May 2005
Volume 46, Issue 13
ARVO Annual Meeting Abstract  |   May 2005
Microarray Analysis of Gene Expression in Mouse Sclera
Author Affiliations & Notes
  • J. Zhou
    Children's Hospital of Philadelphia, Philadelphia, PA
  • E. Rappaport
    Children's Hospital of Philadelphia, Philadelphia, PA
  • T.L. Young
    Ophthalmology and Genetics,
    Children's Hospital of Philadelphia, Philadelphia, PA
  • Footnotes
    Commercial Relationships  J. Zhou, None; E. Rappaport, None; T.L. Young, None.
  • Footnotes
    Support  NIH Grants RO1 EY014685,2PEY01583,Research To Prevent Blindness,the Mabel E. Leslie Endowment Funds
Investigative Ophthalmology & Visual Science May 2005, Vol.46, 3332. doi:
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    • Get Citation

      J. Zhou, E. Rappaport, T.L. Young; Microarray Analysis of Gene Expression in Mouse Sclera . Invest. Ophthalmol. Vis. Sci. 2005;46(13):3332.

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      © ARVO (1962-2015); The Authors (2016-present)

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Abstract: : Purpose: To develop gene expression profiles in mouse sclera to allow for the identification of novel, uncharacterized genes in this tissue–type, and to identify candidate genes for scleral disorders. Methods: Eighteen adult C57BL/6J mice were sacrificed at 8 weeks of age. Mouse sclera total RNA was isolated from 3 groups of mice (6 per group) using a standard TriZol reagent protocol, and reverse transcribed into cDNA using the Invitrogen Superscript cDNA synthesis kit. The resulting cDNA was in vitro transcribed to produce biotin–labeled cRNA, fragmented into 50 – 200 base pair products, mixed with hybridization controls before a 16 hour hybridization step with oligonucleotide probes, and hybridized to 3 Affymetrix GeneChip® Mouse Genome 430 2.0 Array chips. Data collection and array analyses were carried out with GeneChip Operating Software version 1.2 (Affymetrix), using the expression analysis algorithm to run an absolute analysis after cell intensities were computed. All arrays were scaled to the same target intensity using all probe sets. Results: There were 10,466 genes from over 39,000 gene chip transcripts with "present" calls assigned independently to each of the 3 mouse sclera groups. These genes could be clustered into 6 major categories: physiological process (32.9%); cellular process (20.1%); extracellular components (9.3%); signal transducer activity (5.3%); development (4.8%); and transcription regulator activity (3.4%). Conclusions: A comprehensive gene expression profile of normal mouse sclera has been determined. This work may aid in animal–model studies of eye diseases involving changes in scleral physiology.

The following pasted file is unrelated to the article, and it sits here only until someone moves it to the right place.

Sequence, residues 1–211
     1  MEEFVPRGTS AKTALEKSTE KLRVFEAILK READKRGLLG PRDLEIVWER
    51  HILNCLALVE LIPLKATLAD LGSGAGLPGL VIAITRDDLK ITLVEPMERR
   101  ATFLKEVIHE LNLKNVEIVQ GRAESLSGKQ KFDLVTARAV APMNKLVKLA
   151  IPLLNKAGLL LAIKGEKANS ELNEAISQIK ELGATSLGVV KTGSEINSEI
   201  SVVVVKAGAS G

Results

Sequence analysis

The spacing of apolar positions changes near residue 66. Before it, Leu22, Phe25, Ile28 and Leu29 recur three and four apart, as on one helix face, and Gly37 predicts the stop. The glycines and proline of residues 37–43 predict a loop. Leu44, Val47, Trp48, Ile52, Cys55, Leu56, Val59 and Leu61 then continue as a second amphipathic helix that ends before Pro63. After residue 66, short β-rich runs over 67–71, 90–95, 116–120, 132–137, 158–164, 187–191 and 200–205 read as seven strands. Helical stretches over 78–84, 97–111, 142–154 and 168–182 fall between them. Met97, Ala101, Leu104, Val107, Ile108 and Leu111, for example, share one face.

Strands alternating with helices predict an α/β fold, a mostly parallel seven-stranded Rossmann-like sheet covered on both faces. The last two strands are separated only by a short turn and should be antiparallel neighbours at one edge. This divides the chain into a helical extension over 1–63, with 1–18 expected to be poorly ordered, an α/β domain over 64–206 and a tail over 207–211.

Keywords: gene microarray • sclera • myopia 

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